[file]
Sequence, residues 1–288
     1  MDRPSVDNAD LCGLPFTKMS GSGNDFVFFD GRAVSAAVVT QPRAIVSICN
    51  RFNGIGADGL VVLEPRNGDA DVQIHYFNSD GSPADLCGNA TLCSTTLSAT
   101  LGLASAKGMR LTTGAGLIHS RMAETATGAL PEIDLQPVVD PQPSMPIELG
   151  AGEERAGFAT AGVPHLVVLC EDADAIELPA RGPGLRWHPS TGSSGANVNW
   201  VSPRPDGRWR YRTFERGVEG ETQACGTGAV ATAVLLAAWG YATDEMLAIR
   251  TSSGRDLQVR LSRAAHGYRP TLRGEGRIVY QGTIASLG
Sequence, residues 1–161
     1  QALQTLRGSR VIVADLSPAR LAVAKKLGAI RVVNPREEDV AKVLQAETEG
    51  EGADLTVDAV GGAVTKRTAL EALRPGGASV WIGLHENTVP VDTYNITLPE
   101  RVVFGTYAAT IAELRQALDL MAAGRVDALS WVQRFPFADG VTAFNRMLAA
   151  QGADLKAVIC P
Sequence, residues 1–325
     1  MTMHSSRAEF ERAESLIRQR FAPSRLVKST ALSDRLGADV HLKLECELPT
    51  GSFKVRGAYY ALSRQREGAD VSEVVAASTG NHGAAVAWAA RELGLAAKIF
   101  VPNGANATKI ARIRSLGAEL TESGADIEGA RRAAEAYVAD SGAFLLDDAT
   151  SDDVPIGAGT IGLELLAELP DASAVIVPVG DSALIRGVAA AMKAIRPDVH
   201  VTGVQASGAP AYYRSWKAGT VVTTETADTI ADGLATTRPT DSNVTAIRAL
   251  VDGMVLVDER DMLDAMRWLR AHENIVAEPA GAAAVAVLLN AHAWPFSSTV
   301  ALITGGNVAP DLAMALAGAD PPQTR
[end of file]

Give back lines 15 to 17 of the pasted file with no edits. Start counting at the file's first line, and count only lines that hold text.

    51  GSFKVRGAYY ALSRQREGAD VSEVVAASTG NHGAAVAWAA RELGLAAKIF
   101  VPNGANATKI ARIRSLGAEL TESGADIEGA RRAAEAYVAD SGAFLLDDAT
   151  SDDVPIGAGT IGLELLAELP DASAVIVPVG DSALIRGVAA AMKAIRPDVH